The Internet certainly has changed the way we live, work, shop, and communicate. We may think we’re superior to previous generations because of all our Internet-based technology, but we have video proof that the Internet was actually conceptualized in 1969. In many ways, our parents and grandparents were spot on with their predictions. In other ways, not so much.



“This Video Console will Be Channeled into the Store of Her Choice”
Today, online shopping is definitely “one of the many homemakers’ conveniences.” In fact, for the upcoming holiday season, a study by Accenture reports that 65% of U.S. shoppers will browse online for what they’re looking for. Of course, the biggest shopping difference between the 1969 vision of the future and how online shopping works today, is seen with website hosting. Today, when we visit a store’s website, our “video console” is really receiving information from a datacenter, not a live camera feed of the actual product at the department store.

“Maintains a Watch on Critical Areas in the House”
Digital surveillance has come a long way since 1969 with capabilities far exceeding watching brother and sister play nice together. Today, surveillance technology is easily accessible for a homemaker to monitor the property from her living-room-turned-command center, yet digital surveillance isn’t as commonplace in the home as the 1960’s predicted. You will find many businesses taking advantage of digital surveillance and using the cloud to monitor a live feed of the office from anywhere and on any device, but using a surveillance system to watch your kids play in the backyard is just not practical.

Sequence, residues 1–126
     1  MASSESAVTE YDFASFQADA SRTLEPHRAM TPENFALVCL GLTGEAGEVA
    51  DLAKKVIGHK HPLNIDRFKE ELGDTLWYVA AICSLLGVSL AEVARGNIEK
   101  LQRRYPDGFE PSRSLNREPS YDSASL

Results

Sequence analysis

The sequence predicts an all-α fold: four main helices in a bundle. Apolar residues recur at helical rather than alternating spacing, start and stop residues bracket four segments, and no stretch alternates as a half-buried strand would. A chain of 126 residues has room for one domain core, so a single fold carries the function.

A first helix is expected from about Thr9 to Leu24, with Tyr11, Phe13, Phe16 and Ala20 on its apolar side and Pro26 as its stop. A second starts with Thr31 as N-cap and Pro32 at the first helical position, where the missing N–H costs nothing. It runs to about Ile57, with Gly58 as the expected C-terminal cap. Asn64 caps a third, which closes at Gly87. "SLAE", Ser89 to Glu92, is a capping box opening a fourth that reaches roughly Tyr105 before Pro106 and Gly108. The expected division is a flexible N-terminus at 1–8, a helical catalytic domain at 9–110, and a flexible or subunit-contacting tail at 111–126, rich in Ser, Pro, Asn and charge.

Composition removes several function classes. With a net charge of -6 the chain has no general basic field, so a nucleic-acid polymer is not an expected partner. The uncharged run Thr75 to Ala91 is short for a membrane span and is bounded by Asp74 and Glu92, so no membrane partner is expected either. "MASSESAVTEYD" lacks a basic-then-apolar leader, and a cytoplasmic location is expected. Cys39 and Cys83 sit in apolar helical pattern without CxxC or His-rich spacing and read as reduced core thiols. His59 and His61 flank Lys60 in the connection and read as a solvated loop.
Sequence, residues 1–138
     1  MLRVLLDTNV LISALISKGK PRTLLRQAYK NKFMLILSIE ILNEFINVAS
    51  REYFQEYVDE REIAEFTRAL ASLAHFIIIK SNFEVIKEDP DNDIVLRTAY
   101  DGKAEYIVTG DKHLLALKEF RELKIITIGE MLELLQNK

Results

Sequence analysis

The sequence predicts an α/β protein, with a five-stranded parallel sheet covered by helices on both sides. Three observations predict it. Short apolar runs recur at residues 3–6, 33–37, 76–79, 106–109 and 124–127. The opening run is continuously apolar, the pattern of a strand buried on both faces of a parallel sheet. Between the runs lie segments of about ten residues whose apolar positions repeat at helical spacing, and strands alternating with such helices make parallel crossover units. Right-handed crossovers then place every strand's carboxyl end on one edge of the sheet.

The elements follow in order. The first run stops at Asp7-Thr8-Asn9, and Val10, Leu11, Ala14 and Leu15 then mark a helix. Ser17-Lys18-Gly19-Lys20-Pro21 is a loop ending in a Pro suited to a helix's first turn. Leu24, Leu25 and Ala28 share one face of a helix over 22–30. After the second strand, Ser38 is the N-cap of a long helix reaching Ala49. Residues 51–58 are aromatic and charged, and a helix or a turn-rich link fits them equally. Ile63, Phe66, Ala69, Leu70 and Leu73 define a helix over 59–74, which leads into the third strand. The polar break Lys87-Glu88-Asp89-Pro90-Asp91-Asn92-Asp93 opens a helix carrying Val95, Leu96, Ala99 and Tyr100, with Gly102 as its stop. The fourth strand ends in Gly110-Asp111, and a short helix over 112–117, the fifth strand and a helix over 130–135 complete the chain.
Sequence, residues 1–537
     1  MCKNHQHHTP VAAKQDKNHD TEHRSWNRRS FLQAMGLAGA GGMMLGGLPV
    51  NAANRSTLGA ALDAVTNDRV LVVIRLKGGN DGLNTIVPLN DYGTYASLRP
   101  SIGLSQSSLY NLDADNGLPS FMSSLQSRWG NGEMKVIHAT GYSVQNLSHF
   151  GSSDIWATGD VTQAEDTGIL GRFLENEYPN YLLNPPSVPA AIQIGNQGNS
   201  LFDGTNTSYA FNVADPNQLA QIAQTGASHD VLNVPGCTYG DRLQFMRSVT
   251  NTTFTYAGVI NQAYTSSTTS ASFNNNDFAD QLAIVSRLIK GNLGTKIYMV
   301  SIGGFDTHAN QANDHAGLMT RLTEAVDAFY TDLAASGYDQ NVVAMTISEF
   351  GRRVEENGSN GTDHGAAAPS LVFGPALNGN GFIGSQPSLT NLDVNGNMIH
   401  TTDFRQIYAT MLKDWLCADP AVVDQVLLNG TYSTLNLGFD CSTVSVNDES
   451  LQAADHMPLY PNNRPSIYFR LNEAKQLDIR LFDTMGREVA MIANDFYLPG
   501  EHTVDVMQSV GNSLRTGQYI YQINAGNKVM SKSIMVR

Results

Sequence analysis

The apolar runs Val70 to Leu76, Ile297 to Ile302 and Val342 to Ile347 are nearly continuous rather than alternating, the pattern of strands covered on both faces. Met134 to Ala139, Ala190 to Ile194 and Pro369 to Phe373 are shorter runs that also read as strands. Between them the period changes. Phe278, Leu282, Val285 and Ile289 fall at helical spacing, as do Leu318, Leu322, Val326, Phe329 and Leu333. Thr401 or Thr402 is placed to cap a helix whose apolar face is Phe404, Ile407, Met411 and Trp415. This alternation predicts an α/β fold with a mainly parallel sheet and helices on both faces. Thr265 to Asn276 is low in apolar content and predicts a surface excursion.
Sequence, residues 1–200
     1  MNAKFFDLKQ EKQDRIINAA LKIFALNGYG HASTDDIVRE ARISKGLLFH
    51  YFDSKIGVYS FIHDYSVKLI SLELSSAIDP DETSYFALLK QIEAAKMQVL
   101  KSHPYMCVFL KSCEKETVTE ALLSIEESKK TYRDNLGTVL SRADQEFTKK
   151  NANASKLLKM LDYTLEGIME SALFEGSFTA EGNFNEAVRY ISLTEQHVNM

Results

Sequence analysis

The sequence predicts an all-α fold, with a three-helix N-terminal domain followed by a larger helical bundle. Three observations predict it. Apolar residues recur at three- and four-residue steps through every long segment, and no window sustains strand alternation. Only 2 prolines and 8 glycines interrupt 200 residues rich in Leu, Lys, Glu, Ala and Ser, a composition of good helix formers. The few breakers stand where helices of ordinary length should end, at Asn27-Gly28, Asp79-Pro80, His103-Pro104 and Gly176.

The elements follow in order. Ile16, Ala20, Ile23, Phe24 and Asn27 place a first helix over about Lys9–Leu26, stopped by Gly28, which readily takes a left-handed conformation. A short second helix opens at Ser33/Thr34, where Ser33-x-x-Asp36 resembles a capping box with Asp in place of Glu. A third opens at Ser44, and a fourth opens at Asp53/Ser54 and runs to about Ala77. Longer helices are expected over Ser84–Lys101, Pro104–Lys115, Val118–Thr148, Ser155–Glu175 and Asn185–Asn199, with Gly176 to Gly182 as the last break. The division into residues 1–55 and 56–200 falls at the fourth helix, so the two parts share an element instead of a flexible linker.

“What the Wife Selects on Her Console Will be Paid for by the Husband on His Counterpart Console”
There’s a lot here that 1969 got right. Here are just a few points:

  • The prediction that each member of the family will require their own “console.”
  • “All bills and transactions will be carried out electronically.”
  • A “central bank computer will credit the amount.”
  • Online transactions today are instantaneous as different databases “inform (sync up to) the family’s home computer at the same time.”
  • “An instantaneous printed copy of his budget.” A basic accounting app can track all of a family’s finances in one easy-to-understand printout (although printing paper is now outdated).
  • That look on the husband’s face when he opens the bill from

“An Electronic Correspondence Machine”
A machine allowing for “instant written communication between individuals anywhere in the world” is an accurate description of the fax machine, which was in its infancy in 1969 and known as a “Long Distance Xerography.” Fax machines can still be found in many offices and even in homes, but for the most part, they have been replaced by email and other forms of digital communication. It’s interesting how the “electronic correspondence machine” in the video has an interface like that of a stylus today. Writing emails with a stylus on PDAs was popular in the 90s and early 2000s, but we have since moved on to touchscreens.

“Alerts the Communal Service Agency for Replacement”

Hey, that’s us! Even in 1969 computers and all of their “hundreds of complex electronic circuits” needed maintenance. Thankfully, computer maintenance and repair got simpler after advancing beyond the vacuum tube technology of the 1960’s. With Think Tank NTG’s remote monitoring and maintenance service, we can be your “communal service agency” and monitor your systems from our end, remotely perform maintenances to take care of issues “if and when trouble develops,” and we include in our service contract visits by our technicians to take care of hardware problems.

This computer maintenance vision of the future is very accurate, and it’s what Think Tank NTG does best today in 2013! To learn more about our futuristic IT services, call us at 800-501-DATA.

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